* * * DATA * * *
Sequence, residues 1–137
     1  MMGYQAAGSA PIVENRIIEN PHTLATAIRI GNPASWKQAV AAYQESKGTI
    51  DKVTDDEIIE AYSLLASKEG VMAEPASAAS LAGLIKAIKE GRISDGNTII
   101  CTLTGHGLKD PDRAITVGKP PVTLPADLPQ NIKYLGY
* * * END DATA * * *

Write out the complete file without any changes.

Sequence, residues 1–137
     1  MMGYQAAGSA PIVENRIIEN PHTLATAIRI GNPASWKQAV AAYQESKGTI
    51  DKVTDDEIIE AYSLLASKEG VMAEPASAAS LAGLIKAIKE GRISDGNTII
   101  CTLTGHGLKD PDRAITVGKP PVTLPADLPQ NIKYLGY